‘His Grace, the Duke of Portland's engines are all very well on a newly macadamised road. They act something like steamrollers. But after a thaw or in continued wet weather, they ought to be "laid up in ordinary'-stay at home. Coming five or six along our streets in a line, they quickly transform what little solid matter there is to the consistency of oatmeal gruel, and then we wade about in the mud...’
John Rose (23), a quarryman, lived with his wife on High Street near Manor Farm. He became pit fireman at Steetley, having helped to sink the pit. He had been a member of Steetley Church choir since the restoration and a Sunday School teacher. They celebrated their diamond wedding in February 1931.
Thomas Rotherham was tailor and postmaster where the present Post Office stands on High Street. Two surgeons, both Irish born also lived on High Street. Joseph Kenney lived near the Green and Doctor Francis Crossle lived next door to Thomas Rotherham, in the house for long associated with Doctor Lawson.
The oldest inhabitant living next door to the 'Vaults Hotel' was 92 year old John Wilson, a retired farmer, living with his two daughters Mary Walker (64) and Ann Steel (62).
Porter's Row appears in the 1881 census and probably refers to the houses at the lower end of Butt Hill. Charles Porter, landed proprietor, used to live there and Miss Caroline Boaler, who was first listed as a retired schoolteacher, running first a boarding school and latterly a boarding house near the 'Jack-up Steps'.
William Hind succeeded his father as farmer and miller at Mill Ash, some time before 9th July, 1880, when a report in the Retford and Gainsborough Times tells of a drowning in the reservoir attached to the mill at Belph Moor. A Sheffield man, John William Cummings, drowned whilst bathing there with companions –the pond was nine feet deep and he became entangled in the weed. The foreman at the inquest held in the George Inn was Mr George Walker.
Mr William Eyre had been born at Holbeck in the reign of William IV. He worked at Welbeck for 63 years as a cabinet maker and remembered the estate before the underground tunnels and Riding Schools were built. Mr Eyre remembered three stone cottages standing on the left hand side of the road at the Creswell entrance to the Crags and the Millstone, a licensed house on the opposite side.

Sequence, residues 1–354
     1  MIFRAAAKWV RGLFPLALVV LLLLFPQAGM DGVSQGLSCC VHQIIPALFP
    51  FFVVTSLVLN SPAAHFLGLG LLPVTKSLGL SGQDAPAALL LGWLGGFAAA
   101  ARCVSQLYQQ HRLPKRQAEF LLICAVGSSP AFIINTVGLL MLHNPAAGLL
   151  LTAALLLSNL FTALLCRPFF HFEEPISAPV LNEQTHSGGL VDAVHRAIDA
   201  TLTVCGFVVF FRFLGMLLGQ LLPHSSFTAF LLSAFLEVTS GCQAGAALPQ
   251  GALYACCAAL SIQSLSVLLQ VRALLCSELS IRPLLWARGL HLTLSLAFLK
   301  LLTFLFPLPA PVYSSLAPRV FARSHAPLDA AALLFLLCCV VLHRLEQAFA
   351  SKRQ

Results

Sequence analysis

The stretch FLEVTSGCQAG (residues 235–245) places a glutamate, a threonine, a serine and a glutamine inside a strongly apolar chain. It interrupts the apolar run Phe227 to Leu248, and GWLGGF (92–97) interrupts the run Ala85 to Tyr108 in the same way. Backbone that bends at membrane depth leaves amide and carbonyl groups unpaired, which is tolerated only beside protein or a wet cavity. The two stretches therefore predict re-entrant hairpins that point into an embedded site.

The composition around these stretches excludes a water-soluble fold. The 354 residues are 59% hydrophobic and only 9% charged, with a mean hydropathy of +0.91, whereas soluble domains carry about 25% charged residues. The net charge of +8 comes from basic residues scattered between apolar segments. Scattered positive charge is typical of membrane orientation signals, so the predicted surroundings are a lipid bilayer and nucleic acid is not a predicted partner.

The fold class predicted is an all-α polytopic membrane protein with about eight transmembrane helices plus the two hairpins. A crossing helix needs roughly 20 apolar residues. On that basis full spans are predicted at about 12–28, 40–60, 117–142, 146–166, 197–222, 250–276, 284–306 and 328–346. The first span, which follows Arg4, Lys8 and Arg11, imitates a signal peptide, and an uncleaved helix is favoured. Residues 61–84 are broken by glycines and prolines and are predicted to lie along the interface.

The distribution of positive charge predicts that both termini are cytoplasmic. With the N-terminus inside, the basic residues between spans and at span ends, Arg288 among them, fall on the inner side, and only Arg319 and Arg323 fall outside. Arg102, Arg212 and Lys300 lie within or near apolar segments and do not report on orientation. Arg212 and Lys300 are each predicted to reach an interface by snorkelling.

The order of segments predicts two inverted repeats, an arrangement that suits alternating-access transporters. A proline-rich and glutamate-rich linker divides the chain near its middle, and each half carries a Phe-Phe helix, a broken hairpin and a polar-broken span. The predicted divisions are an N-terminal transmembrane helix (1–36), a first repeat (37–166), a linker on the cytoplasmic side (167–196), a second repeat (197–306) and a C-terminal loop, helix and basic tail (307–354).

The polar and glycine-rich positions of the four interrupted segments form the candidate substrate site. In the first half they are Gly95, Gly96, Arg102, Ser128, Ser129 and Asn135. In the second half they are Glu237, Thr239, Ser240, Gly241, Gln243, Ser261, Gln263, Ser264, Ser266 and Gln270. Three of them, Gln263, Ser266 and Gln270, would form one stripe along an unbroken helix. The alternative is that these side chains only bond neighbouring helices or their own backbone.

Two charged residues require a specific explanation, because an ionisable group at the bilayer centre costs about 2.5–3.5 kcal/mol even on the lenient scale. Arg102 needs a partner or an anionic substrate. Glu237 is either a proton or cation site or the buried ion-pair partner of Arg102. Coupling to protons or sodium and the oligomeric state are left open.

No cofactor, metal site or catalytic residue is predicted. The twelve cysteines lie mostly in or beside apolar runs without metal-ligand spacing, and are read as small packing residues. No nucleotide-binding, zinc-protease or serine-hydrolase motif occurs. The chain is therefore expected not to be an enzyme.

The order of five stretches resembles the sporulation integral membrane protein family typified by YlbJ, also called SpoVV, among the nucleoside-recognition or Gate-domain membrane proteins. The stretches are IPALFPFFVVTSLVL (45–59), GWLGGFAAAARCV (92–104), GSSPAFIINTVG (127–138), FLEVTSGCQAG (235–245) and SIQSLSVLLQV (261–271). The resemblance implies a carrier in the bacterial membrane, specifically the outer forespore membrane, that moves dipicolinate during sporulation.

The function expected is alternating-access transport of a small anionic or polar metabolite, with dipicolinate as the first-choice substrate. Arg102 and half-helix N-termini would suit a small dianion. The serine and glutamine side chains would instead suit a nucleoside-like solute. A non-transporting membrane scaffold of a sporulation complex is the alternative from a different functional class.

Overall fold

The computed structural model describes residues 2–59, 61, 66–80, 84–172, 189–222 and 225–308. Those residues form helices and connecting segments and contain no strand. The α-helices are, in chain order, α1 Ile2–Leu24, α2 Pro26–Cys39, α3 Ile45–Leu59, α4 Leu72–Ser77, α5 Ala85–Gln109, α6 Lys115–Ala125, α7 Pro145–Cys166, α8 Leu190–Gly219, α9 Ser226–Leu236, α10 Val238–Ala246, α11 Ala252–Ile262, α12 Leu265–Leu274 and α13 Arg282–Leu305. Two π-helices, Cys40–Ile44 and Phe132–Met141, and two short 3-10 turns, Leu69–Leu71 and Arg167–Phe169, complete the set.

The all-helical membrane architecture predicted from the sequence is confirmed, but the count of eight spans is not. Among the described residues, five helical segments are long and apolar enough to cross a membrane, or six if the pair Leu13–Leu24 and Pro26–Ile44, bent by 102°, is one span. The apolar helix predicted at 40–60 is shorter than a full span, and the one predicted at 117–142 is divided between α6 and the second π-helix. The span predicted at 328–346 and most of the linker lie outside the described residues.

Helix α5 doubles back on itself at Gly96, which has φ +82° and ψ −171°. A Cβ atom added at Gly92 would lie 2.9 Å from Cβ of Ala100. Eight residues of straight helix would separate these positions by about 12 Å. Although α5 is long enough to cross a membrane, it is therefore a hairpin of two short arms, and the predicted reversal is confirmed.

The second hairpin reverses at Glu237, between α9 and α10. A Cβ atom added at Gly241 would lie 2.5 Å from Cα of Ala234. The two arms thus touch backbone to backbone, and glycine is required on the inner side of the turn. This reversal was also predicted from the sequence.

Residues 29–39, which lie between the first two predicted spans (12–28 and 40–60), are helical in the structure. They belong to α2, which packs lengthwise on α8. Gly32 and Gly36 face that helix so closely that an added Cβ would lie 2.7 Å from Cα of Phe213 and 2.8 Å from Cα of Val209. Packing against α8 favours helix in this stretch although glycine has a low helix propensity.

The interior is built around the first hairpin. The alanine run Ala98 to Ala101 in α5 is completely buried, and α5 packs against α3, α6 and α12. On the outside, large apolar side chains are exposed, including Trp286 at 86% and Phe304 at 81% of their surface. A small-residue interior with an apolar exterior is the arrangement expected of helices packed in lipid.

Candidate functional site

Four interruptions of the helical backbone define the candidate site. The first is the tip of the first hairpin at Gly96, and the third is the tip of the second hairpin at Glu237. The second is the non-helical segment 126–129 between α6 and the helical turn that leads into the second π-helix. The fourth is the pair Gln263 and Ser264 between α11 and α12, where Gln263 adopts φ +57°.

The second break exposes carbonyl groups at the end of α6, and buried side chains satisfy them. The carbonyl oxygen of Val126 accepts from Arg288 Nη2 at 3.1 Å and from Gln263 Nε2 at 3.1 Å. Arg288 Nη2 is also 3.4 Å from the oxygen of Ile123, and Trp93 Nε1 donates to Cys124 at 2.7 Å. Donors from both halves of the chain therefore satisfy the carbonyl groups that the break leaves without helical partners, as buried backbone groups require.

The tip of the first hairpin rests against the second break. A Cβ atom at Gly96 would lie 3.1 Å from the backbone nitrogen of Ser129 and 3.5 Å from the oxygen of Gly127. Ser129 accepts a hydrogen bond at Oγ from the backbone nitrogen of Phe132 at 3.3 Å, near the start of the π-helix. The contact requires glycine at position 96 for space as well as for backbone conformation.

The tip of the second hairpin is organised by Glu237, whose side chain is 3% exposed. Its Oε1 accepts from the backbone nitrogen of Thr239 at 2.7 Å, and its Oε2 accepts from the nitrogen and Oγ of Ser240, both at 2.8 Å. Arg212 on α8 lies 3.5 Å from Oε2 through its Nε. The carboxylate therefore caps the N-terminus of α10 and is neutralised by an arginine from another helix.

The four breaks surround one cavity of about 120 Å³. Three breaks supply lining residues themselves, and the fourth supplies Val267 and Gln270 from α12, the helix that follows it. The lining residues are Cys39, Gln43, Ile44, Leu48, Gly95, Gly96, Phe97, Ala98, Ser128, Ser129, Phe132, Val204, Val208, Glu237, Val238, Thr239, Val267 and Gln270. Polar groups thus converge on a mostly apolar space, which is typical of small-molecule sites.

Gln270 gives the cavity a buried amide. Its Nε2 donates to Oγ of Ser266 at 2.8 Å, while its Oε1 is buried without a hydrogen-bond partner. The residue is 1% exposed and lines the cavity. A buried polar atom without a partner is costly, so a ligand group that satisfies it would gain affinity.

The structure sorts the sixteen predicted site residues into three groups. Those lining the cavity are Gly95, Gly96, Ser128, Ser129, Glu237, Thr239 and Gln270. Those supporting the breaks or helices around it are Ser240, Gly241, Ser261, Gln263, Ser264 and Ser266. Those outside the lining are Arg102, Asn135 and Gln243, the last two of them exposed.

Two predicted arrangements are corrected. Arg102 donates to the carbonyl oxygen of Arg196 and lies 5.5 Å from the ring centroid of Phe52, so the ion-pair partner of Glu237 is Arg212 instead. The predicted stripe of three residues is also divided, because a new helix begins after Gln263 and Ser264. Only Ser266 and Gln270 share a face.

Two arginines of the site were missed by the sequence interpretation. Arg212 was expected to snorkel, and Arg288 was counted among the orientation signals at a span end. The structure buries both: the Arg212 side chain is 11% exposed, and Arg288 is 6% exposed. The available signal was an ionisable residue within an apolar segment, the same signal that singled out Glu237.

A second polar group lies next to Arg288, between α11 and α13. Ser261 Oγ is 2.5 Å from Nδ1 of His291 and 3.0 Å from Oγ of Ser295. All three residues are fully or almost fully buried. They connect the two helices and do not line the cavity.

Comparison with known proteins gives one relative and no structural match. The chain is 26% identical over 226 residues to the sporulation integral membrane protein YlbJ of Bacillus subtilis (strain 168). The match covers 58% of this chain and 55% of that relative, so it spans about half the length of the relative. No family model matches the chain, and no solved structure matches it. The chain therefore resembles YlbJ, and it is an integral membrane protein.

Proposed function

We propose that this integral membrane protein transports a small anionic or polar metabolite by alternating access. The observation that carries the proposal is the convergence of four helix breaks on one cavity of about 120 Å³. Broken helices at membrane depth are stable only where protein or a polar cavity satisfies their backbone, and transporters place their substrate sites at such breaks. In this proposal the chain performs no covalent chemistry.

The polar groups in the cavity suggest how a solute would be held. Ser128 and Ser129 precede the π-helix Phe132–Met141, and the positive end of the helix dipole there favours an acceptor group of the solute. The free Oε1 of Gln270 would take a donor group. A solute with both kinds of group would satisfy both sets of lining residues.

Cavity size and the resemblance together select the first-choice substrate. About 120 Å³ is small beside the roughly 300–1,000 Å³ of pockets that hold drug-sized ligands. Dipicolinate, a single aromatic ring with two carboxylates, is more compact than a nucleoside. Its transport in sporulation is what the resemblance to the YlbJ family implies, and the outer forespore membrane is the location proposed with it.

Samuel Webster (47), butcher, was head of one of the seven families in 'Webster's Yard'; he was a member of one of the oldest Whitwell families, some of whose descendants still live in the village. One descendant, Mrs Lilly Ellis (95) of Station Road remembers helping to hold the beasts with a rope, when they were being slaughtered.
Bachelor Doctor Elsom (35) lived next door to the George Inn. He was born in Limehouse, London and employed a groom, a housekeeper and a general servant.
Twenty houses newly built at Steetley Row contained 147 residents.
No one above six years old had been born at Steetley. About 40 of the occupants had moved from the Hucknall/Sutton-in-Ashfield area and may have been escaping from the depressed framework knitting industry. Most of the workers were colliers and coat miners.
Two families are listed on Worksop Hill, those of Ellis and Tillery. Mary Ellis (52), widow, farmed 20 acres from the site subsequently occupied by McClellans. Anne Tillery (73) was an annuitant, who was deaf, and had been born in Middlesex. Her daughter Jean (44) was born in Scotland and probably opened the small private school in the house behind the pump on the Green.
Thomas Rotherham (41) tailor, draper and postmaster had a visitor, William H. Mason, barrister in practice, licensed, who was born in Carmarthen. So was the lady next door, no doubt his sister Frances (31), who lived with her brother, Canon George Edward Mason. They were living next door to the Post Office, while the Old Rectory was demolished and the one designed by J.L. Pearson R.A. was built.